6 The Future of Healthcare: It s Health, Then Care CSC LEADING EDGE FORUM All of these factors have significant health and financial ramifications, resulting in a health system that is being crushed under the weight of its problems: Growing aging population. From 2000 to 2050, the number of people on the planet ages 60 and over will triple from 600 million to 2 billion. 10 Shortage of care providers. By 2025, it is estimated that the United States alone will be short 260,000 registered nurses and at least 124,000 physicians. 11 Increasing prevalence of chronic conditions among children and adults. For example, diabetes for all age groups worldwide is expected to increase from 2.8 percent in 2000 to 4.4 percent by By 2030 chronic diseases, not infectious diseases, will be the leading cause of death globally. 13 Fragmented care management. Only 56 percent of adult chronic condition patients in the United States receive recommended care. 14 Rising healthcare costs. For almost 50 years, spending has grown by two percentage points in excess of GDP growth across all Organisation for Economic Co-operation and Development (OECD) countries. 15 U.S. healthcare costs are expected to rise to $4.5 trillion by 2019, up from $2.5 trillion in 2009 and $2.3 trillion in Research by the Australian Institute for Health and Welfare estimates the total health and residential aged care expenditure to increase 189 percent over 30 years ( ), from $85 billion to $246 billion. 17 The simple fact is that healthcare needs significant disruptive changes to address its major problems. disrupting healthcare Fortunately, changes are already in progress. There are a myriad of burgeoning efforts in laboratories, in pilot studies, in clinical trials and in practice. The changes these efforts represent, and the implications of the key technologies involved, are presented in the context of five major trends that are disrupting healthcare. The trends focus first on patient-centric initiatives and then on new developments, care providers, and finally the emerging global ecosystem: E-Power to the Patient The patient is in charge of his or her care management on a daily basis, marked by shared care between patient and provider. The patient is empowered through the availability of health information, new technologies and a support system to encourage and monitor progress. Earlier Detection Accelerating early diagnosis is crucial to starting treatment for, if not preventing, a problem. Supporting technologies range from simple, inexpensive paper lab tests to genetic testing for variants aligned to known health problems. High-Tech Healing Solutions can improve care and the long-term quality of life. Next-generation implants and ingestibles use a number of technologies to monitor disease progress, dispense medications, and assist and replace malfunctioning organs and limbs. Resources: More, but Different Expertise is optimized and spread. Care provider roles change and resources are more available through remote technologies and online communities, for both care/consultation and teaching/training. Global Healthcare Ecosystem Emerges A rich ecosystem, armed with a treasure trove of data and knowledge, supports connected care and research collaborations to advance disease identification and treatment. Collectively, the efforts and technologies described in these trends are moving the healthcare system from a care-first to a health- and wellness-first perspective, involving more resources and leveraging a plethora of data and knowledge to advance health and research. 6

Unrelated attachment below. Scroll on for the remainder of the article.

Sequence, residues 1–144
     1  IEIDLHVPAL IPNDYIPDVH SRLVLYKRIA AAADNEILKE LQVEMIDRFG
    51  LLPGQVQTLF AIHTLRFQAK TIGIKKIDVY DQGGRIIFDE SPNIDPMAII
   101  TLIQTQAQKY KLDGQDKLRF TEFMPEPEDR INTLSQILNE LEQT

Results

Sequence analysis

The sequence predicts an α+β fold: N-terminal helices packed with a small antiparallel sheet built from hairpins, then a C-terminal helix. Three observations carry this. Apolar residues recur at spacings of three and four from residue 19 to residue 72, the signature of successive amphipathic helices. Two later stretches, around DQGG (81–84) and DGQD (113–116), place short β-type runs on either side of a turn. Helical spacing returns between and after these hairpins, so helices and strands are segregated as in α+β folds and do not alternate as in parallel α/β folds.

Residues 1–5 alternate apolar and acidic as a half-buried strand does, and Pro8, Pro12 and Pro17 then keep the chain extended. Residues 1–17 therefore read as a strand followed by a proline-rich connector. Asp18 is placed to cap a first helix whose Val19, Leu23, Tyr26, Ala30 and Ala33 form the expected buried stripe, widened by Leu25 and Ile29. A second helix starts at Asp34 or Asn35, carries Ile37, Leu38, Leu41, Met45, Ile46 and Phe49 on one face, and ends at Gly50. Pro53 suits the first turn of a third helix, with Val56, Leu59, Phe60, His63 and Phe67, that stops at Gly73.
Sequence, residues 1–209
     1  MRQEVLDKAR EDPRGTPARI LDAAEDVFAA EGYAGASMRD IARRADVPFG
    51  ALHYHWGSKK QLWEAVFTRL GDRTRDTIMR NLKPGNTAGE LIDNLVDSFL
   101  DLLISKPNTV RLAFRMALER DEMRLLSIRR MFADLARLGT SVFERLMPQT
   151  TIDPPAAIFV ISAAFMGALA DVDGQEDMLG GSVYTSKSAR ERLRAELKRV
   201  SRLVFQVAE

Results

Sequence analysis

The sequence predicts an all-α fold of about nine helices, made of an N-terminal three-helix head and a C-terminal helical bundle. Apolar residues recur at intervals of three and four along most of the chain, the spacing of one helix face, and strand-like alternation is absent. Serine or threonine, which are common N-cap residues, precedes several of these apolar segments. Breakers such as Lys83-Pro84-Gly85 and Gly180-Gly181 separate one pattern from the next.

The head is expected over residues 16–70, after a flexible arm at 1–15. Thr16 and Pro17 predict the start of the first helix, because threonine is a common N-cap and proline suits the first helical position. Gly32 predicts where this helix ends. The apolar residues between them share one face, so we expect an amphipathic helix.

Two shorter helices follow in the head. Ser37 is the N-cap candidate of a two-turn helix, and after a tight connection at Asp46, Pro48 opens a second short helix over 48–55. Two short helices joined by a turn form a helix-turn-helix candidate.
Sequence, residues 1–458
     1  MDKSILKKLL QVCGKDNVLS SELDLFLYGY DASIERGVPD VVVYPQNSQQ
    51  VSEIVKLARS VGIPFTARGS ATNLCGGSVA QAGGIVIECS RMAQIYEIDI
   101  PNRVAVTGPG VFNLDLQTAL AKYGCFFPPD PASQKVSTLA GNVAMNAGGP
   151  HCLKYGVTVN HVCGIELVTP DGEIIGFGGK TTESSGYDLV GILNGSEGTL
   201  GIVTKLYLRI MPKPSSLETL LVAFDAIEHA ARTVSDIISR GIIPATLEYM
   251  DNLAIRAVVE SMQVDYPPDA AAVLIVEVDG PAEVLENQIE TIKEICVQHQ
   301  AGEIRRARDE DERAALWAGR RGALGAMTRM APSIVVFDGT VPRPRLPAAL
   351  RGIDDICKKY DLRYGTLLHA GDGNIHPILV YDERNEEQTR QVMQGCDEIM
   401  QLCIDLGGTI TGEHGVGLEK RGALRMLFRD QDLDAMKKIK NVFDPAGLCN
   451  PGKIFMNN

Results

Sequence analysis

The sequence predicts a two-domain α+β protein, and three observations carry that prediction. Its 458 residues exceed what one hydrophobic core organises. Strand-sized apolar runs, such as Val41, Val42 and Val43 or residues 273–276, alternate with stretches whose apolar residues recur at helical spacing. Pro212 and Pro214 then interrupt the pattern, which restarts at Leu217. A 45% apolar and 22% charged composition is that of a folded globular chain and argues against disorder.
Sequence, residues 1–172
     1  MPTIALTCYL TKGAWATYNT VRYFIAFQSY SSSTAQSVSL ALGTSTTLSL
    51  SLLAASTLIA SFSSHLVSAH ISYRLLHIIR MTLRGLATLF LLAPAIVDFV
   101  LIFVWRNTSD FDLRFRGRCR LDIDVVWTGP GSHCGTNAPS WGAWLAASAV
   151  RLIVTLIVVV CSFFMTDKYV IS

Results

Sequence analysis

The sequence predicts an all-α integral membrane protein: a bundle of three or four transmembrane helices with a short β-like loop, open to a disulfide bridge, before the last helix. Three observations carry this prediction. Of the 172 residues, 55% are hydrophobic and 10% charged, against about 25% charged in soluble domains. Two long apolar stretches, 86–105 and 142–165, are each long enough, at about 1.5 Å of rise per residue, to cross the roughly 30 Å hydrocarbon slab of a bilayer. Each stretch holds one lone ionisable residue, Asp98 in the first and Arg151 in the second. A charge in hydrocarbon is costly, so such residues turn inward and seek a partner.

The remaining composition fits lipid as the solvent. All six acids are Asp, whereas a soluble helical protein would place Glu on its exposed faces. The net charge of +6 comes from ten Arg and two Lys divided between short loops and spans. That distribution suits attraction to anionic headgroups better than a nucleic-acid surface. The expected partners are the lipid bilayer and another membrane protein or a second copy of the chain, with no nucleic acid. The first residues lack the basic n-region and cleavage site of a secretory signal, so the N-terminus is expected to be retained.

7 CSC LEADING EDGE FORUM The Future of Healthcare: It s Health, Then Care e-power to the patient Patients take on a larger, more active role in managing their wellness and health. Source: Proteus Biomedical In the past, healthcare has been a top-down proposition, with the physician at the top as sole authority instructing the patient, who played a more or less passive role. This interaction is changing as patients take on a larger, more active role in managing their wellness and health. In this new world, the patient is in charge of his or her care management on a daily basis, with shared care between patient and provider; the patient and primary care provider determine a health and wellness plan together and pull in resources as needed. This is not about diminishing This is not about diminishing the role of the physician but enlarging the role of the patient, who is empowered through changes in behavior and the use of health information bolstered by new technologies. the role of the physician but enlarging the role of the patient, who is empowered through changes in behavior and the use of health information bolstered by new technologies. This chapter examines this sweeping new empowerment in broad terms and how it applies to people in all phases of health, including post-hospital discharge patients and the elderly. DOCTORS PATIENTS 8,758 hours a year Active PAtient involvement WorKs 2 hours a year Diet Exercise Medication Adherence Figure 2 Nearly all healthcare decisions are already made by patients. Source: CSC (data from Clayton Christensen et al, The Innovator s Prescription: A Disruptive Solution for Health Care, 2009) When looking at time spent on care management, it is clear that patients should take active roles in their care. They already make most of the treatment plan decisions regarding diet, exercise and medications. (See Figure 2.) However, although the focus on wellness and patient-centric care has been around for some time, it has had very limited success. Yet research and pilot studies show that active patient involvement does work. 7